First Capital is looking to redevelop parts of a 2003-built suburban-style plaza in Toronto’s bustling Liberty Village neighbourhood that it acquired in 2004. The plaza, known as the Shops at King Liberty, includes a number of buildings clustered around a surface parking lot. As Liberty Village has urbanized over the years since the plaza was built, the low-rise retail development has felt more and more out-of-place.
Looking northwest across the Shops at King Liberty plaza area, image via Apple Maps
The plaza’s anchor is a Metro supermarket, seen up and to the right of the two red grocery cart return stands in the middle of the parking lot in the image above. The Metro is staying: the store is a successful performer for the grocery chain, and holds a longterm lease on their building and the surface lot out front of it. It’s the three other plaza buildings around the parking lot that are now being proposed for redevelopment.
Across the three towers and their podiums are planned 850 residential units (First Capital has not yet settled on whether the units in the towers will be condominium or rental, or a combination) representing 695,800 ft² of space, 70,500ft² of office space, and 33,700 ft² of retail space.
Looking north to First Capital’s King Liberty site in Liberty Village, with three new towers designed by BDP Quadrangle
The plan is to redevelop in phases, the first in the northwest corner of the site and along the west side. Here, to the west of the Metro store, there currently are two single-storey retail strip buildings, one on either side of the private road that extends east from Snooker Street.
Both of those single-storey buildings will go: on the north side, a new building consisting of a four-storey retail and office podium will have two residential towers, rising to 29 and 34-storeys, and 105 and 120 metres high respectively.
Looking north to Block A, King Liberty in Liberty Village, designed by BDP Quadrangle for First Capital
On the south side, that single storey retail building would also be torn down as part of the first phase. It is to be replaced by a 12,000 ft² public park and promenade stretching southeasterly to East Liberty Street.
Looking southeast through King Liberty in Liberty Village, designed by BDP Quadrangle for First Capital
The promenade would extend south to East Liberty Street. Adjacent to its south end to the east is a two-storey commercial building that currently includes such businesses as the Williams Landing restaurant. Here, a 33-storey, 115 metre-tall residential tower with retail at ground level would be built as the second phase. There is no specific timeline known for building either phase yet.
Looking north to Block B, King Liberty in Liberty Village, designed by BDP Quadrangle for First Capital
Designed by BDP Quadrangle and Urban Strategies with DTAH on the public realm, there are no all-glass towers proposed here. While still featuring large windows to let in plenty of natural light, all of the buildings prominently feature frames which are mostly faced by brick, the predominant vernacular material of Liberty Village’s industrial past. Other textural materials in the landscape architecture plan, along with significant greenery, are meant to bring a warmer, homier feel to the area.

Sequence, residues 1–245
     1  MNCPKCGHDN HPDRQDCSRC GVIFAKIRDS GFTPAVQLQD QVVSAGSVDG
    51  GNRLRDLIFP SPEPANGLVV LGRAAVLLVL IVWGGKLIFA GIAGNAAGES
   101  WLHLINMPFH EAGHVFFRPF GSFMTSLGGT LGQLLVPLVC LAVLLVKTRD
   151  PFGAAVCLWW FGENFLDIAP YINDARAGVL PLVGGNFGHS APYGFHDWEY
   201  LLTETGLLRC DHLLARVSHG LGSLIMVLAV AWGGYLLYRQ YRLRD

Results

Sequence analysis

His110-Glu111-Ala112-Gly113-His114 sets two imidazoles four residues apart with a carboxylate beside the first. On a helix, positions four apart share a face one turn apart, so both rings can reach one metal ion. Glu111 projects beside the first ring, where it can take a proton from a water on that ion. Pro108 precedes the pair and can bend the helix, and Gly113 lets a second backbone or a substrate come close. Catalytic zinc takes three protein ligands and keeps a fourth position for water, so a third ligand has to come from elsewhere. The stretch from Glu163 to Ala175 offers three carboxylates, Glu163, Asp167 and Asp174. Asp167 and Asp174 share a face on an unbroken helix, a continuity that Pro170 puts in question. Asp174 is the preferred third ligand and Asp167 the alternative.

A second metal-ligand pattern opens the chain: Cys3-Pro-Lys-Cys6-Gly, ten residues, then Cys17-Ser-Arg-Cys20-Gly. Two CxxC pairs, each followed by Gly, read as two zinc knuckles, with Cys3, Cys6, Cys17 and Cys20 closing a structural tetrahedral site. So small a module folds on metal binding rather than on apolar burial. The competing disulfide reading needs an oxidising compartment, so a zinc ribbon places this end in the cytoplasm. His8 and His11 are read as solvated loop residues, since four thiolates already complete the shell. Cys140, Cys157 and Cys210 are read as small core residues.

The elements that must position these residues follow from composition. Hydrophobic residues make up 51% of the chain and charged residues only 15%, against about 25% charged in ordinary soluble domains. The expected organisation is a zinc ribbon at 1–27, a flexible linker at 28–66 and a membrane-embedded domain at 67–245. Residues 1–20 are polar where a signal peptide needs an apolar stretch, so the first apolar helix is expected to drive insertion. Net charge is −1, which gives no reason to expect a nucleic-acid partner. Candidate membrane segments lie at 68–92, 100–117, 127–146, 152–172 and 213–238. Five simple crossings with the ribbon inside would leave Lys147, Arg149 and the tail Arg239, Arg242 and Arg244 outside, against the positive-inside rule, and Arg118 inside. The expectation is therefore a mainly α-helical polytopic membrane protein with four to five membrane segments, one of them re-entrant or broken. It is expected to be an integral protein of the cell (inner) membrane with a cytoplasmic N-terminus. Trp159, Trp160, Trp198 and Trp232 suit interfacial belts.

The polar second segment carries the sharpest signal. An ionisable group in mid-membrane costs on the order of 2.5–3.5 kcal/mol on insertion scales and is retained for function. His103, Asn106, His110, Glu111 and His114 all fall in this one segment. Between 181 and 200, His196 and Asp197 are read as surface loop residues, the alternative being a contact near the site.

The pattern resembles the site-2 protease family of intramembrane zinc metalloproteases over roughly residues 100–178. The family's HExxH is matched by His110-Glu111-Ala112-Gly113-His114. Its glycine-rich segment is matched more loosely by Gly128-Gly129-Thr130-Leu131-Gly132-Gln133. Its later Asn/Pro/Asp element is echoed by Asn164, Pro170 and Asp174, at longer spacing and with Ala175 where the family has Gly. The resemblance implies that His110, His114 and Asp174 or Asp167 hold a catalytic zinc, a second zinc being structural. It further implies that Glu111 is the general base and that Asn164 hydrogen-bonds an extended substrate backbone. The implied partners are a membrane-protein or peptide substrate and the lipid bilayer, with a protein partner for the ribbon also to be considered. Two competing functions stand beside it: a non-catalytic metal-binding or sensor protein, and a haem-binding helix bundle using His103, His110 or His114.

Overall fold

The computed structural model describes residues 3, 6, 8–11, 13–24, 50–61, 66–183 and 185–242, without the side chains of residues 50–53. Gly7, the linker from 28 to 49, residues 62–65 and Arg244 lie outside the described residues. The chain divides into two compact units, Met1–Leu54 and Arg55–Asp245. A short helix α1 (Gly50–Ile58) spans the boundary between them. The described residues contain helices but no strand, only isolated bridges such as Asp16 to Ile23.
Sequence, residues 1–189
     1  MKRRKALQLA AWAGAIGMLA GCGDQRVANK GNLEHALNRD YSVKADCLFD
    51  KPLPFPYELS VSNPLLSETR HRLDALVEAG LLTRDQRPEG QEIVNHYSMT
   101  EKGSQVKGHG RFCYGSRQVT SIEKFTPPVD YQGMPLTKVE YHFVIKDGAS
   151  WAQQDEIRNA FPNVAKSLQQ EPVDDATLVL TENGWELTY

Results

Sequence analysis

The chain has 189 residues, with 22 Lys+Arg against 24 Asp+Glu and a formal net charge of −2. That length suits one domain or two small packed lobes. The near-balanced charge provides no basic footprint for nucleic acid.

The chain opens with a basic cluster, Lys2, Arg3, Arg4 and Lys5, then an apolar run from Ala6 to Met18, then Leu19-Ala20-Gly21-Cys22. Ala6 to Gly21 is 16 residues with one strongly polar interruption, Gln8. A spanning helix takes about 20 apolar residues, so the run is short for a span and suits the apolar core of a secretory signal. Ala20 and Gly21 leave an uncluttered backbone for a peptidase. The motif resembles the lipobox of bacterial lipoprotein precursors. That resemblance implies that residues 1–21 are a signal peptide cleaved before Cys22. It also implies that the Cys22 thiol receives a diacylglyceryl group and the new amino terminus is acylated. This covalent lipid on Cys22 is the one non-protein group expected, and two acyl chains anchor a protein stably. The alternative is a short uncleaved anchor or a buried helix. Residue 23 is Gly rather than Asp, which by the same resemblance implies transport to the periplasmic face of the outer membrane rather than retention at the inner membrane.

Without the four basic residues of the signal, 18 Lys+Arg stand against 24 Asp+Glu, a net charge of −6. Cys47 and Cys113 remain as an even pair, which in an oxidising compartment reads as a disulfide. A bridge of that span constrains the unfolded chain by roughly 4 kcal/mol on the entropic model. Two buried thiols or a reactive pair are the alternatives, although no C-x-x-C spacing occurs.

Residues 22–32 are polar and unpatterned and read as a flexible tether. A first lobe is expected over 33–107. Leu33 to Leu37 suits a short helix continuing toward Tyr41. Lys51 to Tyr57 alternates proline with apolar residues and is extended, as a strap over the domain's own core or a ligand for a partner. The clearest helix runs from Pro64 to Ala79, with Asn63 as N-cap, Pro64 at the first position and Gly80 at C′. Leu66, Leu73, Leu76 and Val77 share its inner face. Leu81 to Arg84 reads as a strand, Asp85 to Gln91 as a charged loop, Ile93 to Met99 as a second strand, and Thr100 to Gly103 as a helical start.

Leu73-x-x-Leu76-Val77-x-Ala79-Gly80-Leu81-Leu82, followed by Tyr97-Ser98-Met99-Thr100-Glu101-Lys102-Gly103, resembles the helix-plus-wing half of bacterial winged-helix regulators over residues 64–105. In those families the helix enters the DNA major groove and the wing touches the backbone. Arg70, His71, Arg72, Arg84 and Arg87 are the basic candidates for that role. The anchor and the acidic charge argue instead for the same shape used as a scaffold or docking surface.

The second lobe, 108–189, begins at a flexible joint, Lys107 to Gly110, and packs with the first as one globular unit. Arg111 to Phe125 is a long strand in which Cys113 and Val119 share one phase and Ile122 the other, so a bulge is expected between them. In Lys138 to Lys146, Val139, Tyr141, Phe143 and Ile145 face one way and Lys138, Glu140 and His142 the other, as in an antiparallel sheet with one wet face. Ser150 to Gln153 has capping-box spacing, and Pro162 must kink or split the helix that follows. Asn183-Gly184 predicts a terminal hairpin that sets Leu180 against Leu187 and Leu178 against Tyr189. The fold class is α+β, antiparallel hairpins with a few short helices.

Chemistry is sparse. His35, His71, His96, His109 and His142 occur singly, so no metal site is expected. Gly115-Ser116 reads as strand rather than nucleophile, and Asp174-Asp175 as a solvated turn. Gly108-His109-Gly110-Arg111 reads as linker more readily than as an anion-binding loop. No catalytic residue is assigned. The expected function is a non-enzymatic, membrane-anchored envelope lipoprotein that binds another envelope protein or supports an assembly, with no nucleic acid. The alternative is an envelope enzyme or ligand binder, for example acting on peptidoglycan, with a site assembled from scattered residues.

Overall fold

Site Plan of King Liberty in Liberty Village, designed by BDP Quadrangle for First Capital
Along with the 12,000 ft² park, another 41,600 ft² of space will be dedicated to other public realm improvements around the site, including the promenade and the rebuilding of the private easterly extension of Snooker Street as a full public street. Extending further northwest, public realm improvements will also come with another First Capital project at 85 Hanna, leading to King Street and its streetcar, while more pedestrian oriented improvements are also planned via a new trail link over King Street to First Capital’s recently completed King High Line development and the adjacent future King West-Liberty Village station on the GO line. From there, the trail will also link up to the West Toronto Rail Path.
Looking west through King Liberty in Liberty Village, designed by BDP Quadrangle for First Capital
Another transit improvement is coming to the area within walking distance at the south end of Atlantic Avenue, one block west of Hanna, at Exhibition GO Station. While already served by two-way all-day service, plans are in the works for the western terminus of the Ontario Line subway to open adjacent to the GO platforms in 2030.
First Capital’s King Liberty plan will soon enter its consultation phase, with First Capital planning community engagement opportunities through Town Hall events, Moderated Q&As, and direct communication via email and surveys. The company has set up an official website here where you can read more and sign up for email updates, while they will also provide information through social media channels.
Additional information and images can be found in our Database file for the project, linked below. Want to get involved in the discussion? Check out the associated Forum thread, or leave a comment in the space provided on this page.
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